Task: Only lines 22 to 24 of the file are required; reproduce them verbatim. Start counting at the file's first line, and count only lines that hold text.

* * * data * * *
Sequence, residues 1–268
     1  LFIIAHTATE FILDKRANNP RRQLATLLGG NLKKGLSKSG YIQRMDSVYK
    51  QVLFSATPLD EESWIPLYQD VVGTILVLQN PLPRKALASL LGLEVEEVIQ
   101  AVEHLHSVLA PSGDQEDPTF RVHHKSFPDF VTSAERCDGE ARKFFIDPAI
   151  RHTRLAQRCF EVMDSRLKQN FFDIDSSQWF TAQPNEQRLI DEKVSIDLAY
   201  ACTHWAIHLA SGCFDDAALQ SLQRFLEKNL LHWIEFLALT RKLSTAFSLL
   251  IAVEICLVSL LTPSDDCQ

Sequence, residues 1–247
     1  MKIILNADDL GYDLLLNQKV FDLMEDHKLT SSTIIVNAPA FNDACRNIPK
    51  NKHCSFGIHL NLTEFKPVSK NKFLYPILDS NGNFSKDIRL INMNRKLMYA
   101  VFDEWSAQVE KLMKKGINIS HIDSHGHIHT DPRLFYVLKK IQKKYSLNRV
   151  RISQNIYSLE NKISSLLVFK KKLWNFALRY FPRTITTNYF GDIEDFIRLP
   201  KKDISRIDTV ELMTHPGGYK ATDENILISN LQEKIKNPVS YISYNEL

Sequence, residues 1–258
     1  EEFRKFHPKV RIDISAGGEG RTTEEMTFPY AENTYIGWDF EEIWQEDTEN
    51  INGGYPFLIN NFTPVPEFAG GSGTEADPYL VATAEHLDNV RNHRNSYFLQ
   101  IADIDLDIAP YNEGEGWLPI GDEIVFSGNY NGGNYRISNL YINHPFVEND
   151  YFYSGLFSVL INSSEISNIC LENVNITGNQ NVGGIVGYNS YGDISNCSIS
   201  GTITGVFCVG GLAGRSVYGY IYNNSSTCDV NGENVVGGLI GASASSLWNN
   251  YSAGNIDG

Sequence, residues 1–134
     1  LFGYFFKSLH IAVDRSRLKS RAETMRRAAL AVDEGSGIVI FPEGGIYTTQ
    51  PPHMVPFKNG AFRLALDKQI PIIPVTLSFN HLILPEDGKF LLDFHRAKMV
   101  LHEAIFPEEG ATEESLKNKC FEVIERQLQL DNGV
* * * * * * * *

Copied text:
     1  LFGYFFKSLH IAVDRSRLKS RAETMRRAAL AVDEGSGIVI FPEGGIYTTQ
    51  PPHMVPFKNG AFRLALDKQI PIIPVTLSFN HLILPEDGKF LLDFHRAKMV
   101  LHEAIFPEEG ATEESLKNKC FEVIERQLQL DNGV